Social enterprises might not be motivated purely by profits, but having steady streams of revenue provides sustainability. This is what differentiates a social enterprise from a charity, that usually purely relies on donations or grants to achieve its social goals. Social enterprises can be highly profitable, it is just that their priority is to reinvest their profits into their social mission rather than paying out to shareholders.
Social enterprises often vary in their business model. Common types include: (1) the innovation model – directly addressing a social need through innovative products, (2) the employment model – employing disadvantaged people at a fair wage and (3) the give-back model – serves the common good by giving back for every purchase made.
The give-back model was made famous by the founder of TOMS, Blake Mycoskie. While traveling in Argentina in 2006, he witnessed the hardships faced by children growing up without shoes. His solution to the problem was simple: to create a for-profit business that was sustainable and not reliant on donations. With TOMS, the serial entrepreneur created the ‘One for One’ that started by donating one shoe for every pair bought and then moved on to eyewear, drinking water and birth kits. “Most people yearn to contribute, make the world a better place and have success, all at the same time. Make sure to give your business a background, a mission, and a story. That might be the most important step part of any venture. And remember, giving may be the best investment you ever make,” is Mycoskie’s advice to aspiring entrepreneurs.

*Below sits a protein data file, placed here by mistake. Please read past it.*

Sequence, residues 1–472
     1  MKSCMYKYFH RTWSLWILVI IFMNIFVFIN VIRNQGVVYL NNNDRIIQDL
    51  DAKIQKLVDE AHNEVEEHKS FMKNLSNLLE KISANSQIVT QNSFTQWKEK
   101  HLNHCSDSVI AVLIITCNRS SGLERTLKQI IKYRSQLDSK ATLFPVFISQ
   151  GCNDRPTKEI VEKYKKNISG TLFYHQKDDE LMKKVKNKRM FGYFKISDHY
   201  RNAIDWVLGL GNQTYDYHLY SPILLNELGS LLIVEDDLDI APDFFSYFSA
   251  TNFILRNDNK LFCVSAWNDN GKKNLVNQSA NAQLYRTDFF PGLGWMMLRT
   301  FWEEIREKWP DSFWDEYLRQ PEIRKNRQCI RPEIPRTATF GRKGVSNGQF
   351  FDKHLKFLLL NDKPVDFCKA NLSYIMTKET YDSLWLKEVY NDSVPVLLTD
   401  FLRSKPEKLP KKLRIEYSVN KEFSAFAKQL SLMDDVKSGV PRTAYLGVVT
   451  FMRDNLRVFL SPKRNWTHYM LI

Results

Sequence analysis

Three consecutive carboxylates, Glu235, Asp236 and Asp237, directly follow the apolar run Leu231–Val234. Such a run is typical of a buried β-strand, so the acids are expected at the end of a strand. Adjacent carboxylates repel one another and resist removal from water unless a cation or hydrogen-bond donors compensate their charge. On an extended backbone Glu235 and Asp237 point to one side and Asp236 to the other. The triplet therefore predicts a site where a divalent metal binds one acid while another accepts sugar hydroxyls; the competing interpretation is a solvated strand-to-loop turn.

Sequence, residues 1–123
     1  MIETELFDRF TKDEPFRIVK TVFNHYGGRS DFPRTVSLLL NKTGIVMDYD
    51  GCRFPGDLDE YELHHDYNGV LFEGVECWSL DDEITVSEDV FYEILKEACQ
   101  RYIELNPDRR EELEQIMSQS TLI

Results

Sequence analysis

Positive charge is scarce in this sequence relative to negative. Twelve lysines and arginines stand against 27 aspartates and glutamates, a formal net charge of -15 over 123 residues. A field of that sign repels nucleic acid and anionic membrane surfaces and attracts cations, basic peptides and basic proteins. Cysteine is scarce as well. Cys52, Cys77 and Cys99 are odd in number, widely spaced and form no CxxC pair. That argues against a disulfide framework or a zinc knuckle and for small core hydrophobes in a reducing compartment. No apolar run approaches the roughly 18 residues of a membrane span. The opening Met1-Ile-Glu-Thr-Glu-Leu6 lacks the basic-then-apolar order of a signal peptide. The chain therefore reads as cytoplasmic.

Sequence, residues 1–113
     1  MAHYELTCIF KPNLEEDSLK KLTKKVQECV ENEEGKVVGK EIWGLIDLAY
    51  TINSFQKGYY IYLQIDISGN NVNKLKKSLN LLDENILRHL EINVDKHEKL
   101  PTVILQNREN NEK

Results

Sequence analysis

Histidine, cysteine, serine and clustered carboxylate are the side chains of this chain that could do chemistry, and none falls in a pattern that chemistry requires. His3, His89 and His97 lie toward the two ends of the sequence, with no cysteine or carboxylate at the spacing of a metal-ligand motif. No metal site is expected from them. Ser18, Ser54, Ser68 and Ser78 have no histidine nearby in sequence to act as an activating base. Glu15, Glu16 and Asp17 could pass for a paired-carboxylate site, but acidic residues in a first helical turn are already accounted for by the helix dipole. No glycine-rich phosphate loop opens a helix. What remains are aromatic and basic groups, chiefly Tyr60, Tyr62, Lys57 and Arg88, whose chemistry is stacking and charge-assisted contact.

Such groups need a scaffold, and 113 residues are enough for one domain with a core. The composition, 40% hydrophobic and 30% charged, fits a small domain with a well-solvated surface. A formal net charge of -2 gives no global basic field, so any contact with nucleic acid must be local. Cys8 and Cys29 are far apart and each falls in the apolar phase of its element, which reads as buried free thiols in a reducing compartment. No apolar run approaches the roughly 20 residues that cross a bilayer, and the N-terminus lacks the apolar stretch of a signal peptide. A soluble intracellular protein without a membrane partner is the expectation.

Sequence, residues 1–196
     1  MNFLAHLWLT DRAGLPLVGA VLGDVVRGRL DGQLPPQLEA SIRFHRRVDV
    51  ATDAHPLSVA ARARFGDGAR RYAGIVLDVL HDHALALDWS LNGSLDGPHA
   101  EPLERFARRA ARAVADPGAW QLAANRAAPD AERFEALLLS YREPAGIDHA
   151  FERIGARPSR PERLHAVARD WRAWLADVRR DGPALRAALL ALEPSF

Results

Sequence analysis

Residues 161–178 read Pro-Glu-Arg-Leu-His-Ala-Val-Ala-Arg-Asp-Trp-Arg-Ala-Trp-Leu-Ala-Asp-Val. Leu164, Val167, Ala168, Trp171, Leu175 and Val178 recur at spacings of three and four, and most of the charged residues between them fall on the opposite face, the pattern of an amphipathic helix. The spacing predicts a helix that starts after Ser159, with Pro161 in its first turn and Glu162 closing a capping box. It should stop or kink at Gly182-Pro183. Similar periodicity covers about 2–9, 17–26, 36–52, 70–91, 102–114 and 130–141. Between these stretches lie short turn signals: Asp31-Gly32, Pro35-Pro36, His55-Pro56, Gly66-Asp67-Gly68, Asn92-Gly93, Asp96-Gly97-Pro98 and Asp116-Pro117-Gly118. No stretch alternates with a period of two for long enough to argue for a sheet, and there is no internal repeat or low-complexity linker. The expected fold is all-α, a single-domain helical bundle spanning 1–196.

Scott Harrison spent 10 years organizing parties in New York for the likes of MTV, VH1, Bacardi, and Elle. He then volunteered in a humanitarian mission to Liberia and saw extreme poverty for the first time: “I saw people drinking dirty water from ponds, rivers, and swamps – simply born into communities without access. It shocked and angered me, and I began learning more about the world’s 800 million people living without access to clean water.” Harrison founded charity: water, a non-profit organization that works to bring clean and safe water to communities in developing countries. Charity: water was able to raise, in seven years, over $100 million from 400,000 donors worldwide, funding 8,000 water projects in 20 countries. The organization’s biggest success is its ability to connect donors with the people they are serving and the water projects they are funding around the world.